Program in Java? You must be joking!
The Y combinator design pattern in Java is easily understood and can be used and maintained by unskilled, entry-level programmers.
Cuius rei demonstrationem mirabilem sane detexi. Hanc marginis exiguitas non caperet.
You know, this kind of joke seems to rile Java apologists to no end. They come out of the woodwork with their web browsers set to flame
. Absolutely no criticism of the language that powers everything from the web to space exploration (although there is never any talk of toasters) is allowed.
And do not
criticize the culture in any way whatsoever. Although it’s perfectly ok to boast that Java is designed to appeal to the widest possible diversity of skill levels, you may not
suggest that Java programmers are stupid. Or else.
I am trying not to tell anyone what to do, but I have an observation. Have you ever heard a politically incorrect but extremely funny joke about a member of a particular culture? You know you have. And furthermore, the joke was probably told by a member of the group victimized in the joke.
The unwritten rule is, if you’re a member, jokes are fair game
. I was once with some, ahh, members of a religion that directly predated and evolved into Christianity. They were telling some jokes about their culture and religion. I had heard a few such jokes, but I wisely refrained from telling any. It’s not allowed. That’s the rule: outsiders may not joke.
So back to Java. Guess what? I’m an insider
. I write Java code every working day. If you care about hollow appeals to authority, I once wrote a Scheme implementation in Java. I was also the team lead for JProbe Threadalyzer, a tool that analyses multi-threaded Java behaviour. And the development manager for JProbe Server-Side Suite (the aforementioned thread analyser, plus profiling, code coverage, and memory debugging tools). And various J2EE implementations with various degrees of Enterprisy-ness.
None of that makes me an expert. Nor does it make me right when I criticize or joke. But it does give me a certain smug right to joke
. And don’t we all need a laugh from time to time, even if we’re laughing at ourselves? Perhaps especially
if we're laughing at ourselves?
I think it’s a sign of good health to be able to laugh at ourselves and criticize our foibles. For all of the talk of Java as a “mature platform,” don’t you agree that “not taking criticism well” is a little, well, immature
So since it’s Friday:
A Muslim, a Vegetarian, and a Java Programmer are traveling by foot, and they stop at a farm house to sleep for the night. The farmer is impressed at the obvious sophistication of the Java Programmer’s tales of Enterprise wonder, and he invites her into the house. The Muslim he sends to the hayloft, and the Vegetarian can sleep in the barn.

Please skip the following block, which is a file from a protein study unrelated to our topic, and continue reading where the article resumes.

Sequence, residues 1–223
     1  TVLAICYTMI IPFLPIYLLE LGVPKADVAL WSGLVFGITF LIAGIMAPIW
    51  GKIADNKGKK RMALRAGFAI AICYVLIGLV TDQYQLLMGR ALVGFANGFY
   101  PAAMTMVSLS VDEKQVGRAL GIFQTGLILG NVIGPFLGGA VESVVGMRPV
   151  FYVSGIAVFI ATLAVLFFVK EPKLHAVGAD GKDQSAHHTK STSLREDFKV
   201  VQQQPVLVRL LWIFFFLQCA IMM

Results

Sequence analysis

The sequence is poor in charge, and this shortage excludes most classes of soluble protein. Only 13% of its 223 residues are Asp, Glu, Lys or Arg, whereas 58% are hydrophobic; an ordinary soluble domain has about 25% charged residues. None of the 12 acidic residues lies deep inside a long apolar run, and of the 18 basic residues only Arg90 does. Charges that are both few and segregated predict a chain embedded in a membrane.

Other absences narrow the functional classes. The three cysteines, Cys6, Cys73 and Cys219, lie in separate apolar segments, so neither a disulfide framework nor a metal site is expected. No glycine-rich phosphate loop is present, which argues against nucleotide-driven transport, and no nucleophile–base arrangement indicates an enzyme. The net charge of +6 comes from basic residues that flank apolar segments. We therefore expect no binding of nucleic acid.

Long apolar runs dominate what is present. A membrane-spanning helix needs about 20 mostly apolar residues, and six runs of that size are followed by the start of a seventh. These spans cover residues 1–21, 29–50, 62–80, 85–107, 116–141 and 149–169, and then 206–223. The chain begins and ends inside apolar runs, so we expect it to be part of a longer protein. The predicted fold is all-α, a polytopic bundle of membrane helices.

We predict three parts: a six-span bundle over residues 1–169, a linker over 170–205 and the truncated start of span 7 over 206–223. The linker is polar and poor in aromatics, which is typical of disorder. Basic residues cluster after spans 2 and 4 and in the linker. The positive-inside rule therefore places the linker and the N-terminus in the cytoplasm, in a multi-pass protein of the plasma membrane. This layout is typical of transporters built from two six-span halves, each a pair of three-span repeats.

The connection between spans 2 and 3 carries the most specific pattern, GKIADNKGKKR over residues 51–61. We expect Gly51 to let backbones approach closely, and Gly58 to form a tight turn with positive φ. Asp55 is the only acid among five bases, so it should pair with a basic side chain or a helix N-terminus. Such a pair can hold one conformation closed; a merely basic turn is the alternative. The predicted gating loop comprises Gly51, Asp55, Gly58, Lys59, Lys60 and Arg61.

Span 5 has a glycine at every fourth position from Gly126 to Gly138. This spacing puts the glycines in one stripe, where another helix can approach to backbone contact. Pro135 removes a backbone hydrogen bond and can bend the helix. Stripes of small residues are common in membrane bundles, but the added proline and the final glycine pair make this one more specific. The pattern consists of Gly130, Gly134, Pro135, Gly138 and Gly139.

Well, the farmer is just pouring a night-cap and listening to the Java Programmer describe the time she knocked together a farm workflow application in less than a million lines of XML configuration code when there’s a knocking on the door.
He opens the door and the Vegetarian is standing there. “I’m sorry,” the Vegetarian apologizes, “But you slaughter animals in the barn, and eating meat is offensive to my beliefs. I cannot sleep in the barn.” The farmer thinks this is bunkum, but he was raised to be courteous to his guests, so he asks the Vegetarian to swap places with the Muslim.
The farmer knocks back his drink and turns down the lights. He can hear the Java Programmer setting up a sleeping bag factory to generate down-filled singleton sleeping containers in the living room. His wife is reading in bed, and he’s looking forward to catching up on the Wall Street Journal.
Well, he is just about to climb into bed when there’s a banging on the door. He opens the door, and the Muslim is standing there. “I’m sorry,” the Muslim apologizes, “But you keep pigs in the barn, and pigs are profane according to my beliefs. I cannot sleep in the barn.”
Muttering, the farmer rouses the Java Programmer off the couch and asks her to switch with the Muslim. He climbs into bed and has just started to read an interesting article on hedging commodity futures with convex derivatives when there’s a thunderous hammering at the door. His wife tells him to stay put and she goes to answer it. The farmer hears some excited talking, and a moment later his wife is at the bedroom door.
“Honey,” she says, “it’s the pigs.”
Labels: java, popular